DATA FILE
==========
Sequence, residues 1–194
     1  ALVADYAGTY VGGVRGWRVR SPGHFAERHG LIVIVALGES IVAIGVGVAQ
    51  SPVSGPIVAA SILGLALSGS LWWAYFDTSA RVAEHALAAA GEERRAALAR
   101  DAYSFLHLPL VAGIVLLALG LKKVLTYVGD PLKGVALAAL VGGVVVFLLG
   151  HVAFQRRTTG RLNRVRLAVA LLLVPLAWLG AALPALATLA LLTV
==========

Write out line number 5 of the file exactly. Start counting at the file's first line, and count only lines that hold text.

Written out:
   151  HVAFQRRTTG RLNRVRLAVA LLLVPLAWLG AALPALATLA LLTV